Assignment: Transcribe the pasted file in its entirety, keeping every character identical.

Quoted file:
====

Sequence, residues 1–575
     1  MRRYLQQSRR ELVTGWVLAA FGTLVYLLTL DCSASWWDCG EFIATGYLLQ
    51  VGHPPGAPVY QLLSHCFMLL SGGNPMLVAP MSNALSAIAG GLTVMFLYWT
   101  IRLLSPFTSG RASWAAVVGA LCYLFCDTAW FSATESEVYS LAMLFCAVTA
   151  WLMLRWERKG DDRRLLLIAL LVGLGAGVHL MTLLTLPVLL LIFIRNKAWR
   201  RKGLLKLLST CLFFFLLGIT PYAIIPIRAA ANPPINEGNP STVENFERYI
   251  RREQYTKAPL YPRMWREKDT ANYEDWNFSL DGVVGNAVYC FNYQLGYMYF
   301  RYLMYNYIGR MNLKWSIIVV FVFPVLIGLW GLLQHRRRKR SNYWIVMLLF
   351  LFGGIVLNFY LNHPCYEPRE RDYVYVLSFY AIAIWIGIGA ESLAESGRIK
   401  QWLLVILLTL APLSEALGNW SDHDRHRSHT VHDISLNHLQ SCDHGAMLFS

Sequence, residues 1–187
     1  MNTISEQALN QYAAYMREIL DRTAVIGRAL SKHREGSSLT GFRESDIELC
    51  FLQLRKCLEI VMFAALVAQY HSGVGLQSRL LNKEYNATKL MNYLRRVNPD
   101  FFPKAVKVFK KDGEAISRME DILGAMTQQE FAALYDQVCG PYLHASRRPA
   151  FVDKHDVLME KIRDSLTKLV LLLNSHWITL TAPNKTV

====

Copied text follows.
Sequence, residues 1–575
     1  MRRYLQQSRR ELVTGWVLAA FGTLVYLLTL DCSASWWDCG EFIATGYLLQ
    51  VGHPPGAPVY QLLSHCFMLL SGGNPMLVAP MSNALSAIAG GLTVMFLYWT
   101  IRLLSPFTSG RASWAAVVGA LCYLFCDTAW FSATESEVYS LAMLFCAVTA
   151  WLMLRWERKG DDRRLLLIAL LVGLGAGVHL MTLLTLPVLL LIFIRNKAWR
   201  RKGLLKLLST CLFFFLLGIT PYAIIPIRAA ANPPINEGNP STVENFERYI
   251  RREQYTKAPL YPRMWREKDT ANYEDWNFSL DGVVGNAVYC FNYQLGYMYF
   301  RYLMYNYIGR MNLKWSIIVV FVFPVLIGLW GLLQHRRRKR SNYWIVMLLF
   351  LFGGIVLNFY LNHPCYEPRE RDYVYVLSFY AIAIWIGIGA ESLAESGRIK
   401  QWLLVILLTL APLSEALGNW SDHDRHRSHT VHDISLNHLQ SCDHGAMLFS

Sequence, residues 1–187
     1  MNTISEQALN QYAAYMREIL DRTAVIGRAL SKHREGSSLT GFRESDIELC
    51  FLQLRKCLEI VMFAALVAQY HSGVGLQSRL LNKEYNATKL MNYLRRVNPD
   101  FFPKAVKVFK KDGEAISRME DILGAMTQQE FAALYDQVCG PYLHASRRPA
   151  FVDKHDVLME KIRDSLTKLV LLLNSHWITL TAPNKTV